Yesterday, I went to get my braids taken out. It took 2 ½ hours for them to do it, with 2 people working on it. My hair felt like a big cotton ball and was so frizzy. I also lost a lot of hair, I don’t have much left L It just kept coming out in clumps; but I’m happy that it went straight again after the first wash. Let’s hope that I don’t lose anymore!

Creature of the week: a big frog in the bathroom, that jumped up on Franks leg when he was about to get in the shower, and scared the “ba-jeesers” out of him (Frank’s term, not mine).

Prayer requests:
That Amber’s cold would get better
That children would be motivated to come to school and learn.

We are thankful for:
Continued safety when traveling on our motorbike.
The staff that we’re working with.
Friendship with the American students who are visiting.

Monday, February 23, 2009

Crow’s Nest Lodge- Romantic by Day, Terrifying by Night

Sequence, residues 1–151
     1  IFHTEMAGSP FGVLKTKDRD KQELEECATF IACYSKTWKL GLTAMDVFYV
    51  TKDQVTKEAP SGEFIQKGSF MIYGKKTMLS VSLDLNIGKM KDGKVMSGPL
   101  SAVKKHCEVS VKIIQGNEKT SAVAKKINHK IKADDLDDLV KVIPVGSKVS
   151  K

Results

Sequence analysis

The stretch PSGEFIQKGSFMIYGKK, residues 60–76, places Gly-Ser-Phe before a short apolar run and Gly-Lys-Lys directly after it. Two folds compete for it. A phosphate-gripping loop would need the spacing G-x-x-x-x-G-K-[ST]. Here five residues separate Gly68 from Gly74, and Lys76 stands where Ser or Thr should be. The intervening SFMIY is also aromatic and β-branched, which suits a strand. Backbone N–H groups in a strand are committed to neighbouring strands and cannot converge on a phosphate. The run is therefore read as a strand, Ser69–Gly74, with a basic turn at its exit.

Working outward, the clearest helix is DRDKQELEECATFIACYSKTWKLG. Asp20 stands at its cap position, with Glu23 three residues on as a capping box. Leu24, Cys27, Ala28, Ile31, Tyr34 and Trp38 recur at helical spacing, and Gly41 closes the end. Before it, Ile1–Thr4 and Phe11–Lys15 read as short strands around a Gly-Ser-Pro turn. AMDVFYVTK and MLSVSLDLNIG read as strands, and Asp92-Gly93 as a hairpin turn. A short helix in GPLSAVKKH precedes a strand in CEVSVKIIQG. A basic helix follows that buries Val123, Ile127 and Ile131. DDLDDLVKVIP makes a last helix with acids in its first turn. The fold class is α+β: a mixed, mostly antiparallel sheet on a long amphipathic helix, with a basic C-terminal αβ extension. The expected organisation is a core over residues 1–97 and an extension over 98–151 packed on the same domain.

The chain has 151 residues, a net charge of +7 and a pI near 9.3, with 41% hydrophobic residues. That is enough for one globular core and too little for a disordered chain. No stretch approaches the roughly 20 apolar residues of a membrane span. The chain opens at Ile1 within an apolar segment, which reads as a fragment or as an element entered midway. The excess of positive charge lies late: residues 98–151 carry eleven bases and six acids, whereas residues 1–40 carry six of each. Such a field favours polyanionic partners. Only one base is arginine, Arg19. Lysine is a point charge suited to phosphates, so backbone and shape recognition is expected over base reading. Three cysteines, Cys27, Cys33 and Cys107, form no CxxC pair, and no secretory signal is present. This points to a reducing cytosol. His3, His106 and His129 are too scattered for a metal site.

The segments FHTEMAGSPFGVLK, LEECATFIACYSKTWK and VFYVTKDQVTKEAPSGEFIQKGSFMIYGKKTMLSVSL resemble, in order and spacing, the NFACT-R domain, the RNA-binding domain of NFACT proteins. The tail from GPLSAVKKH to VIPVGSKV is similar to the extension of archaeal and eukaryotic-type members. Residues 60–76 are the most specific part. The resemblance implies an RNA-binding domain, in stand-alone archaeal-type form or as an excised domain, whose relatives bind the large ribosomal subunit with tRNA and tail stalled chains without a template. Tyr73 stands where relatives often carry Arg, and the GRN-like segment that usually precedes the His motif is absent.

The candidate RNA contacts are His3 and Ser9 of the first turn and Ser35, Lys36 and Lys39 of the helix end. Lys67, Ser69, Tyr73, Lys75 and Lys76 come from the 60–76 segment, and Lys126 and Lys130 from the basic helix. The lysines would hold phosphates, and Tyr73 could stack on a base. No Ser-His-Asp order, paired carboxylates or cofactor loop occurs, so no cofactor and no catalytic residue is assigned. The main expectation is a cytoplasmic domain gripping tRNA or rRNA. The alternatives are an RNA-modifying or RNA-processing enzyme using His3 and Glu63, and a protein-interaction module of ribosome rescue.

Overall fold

This past week, I continued to teach the grade 5 and 6 classes, and Frank and I finished the library in Makhai. We had sorted all of the books and then put them onto shelves. I can’t wait to take some classes in there. Frank also helped with response letters the children write to their sponsors and he also had some fun games of soccer with many of the boys. We were also honoured this week to receive Bagisu names in Makhai. We were invited to the fellowship service at the church, where they took time to “baptize” us with names and pray for us. The community leaders came together to choose the names.

Frank was given the name Mambu. Mambu was the first Bagisu person and he lived in the mountain right behind Mbale. I was given the name Sera, who was Mambu’s wife. They say that she was patient and encouraging, and always ran out to greet Mambu when he returned.

As the title suggests, we went away this weekend to Sipi. It is about a 90 minute drive from where we’re staying and there are waterfalls and caves that you can hike to. We wanted to stay somewhere cheap and had researched some places before we left. The Crow’s Nest looked alright so when we got to Sipi we went to check it out.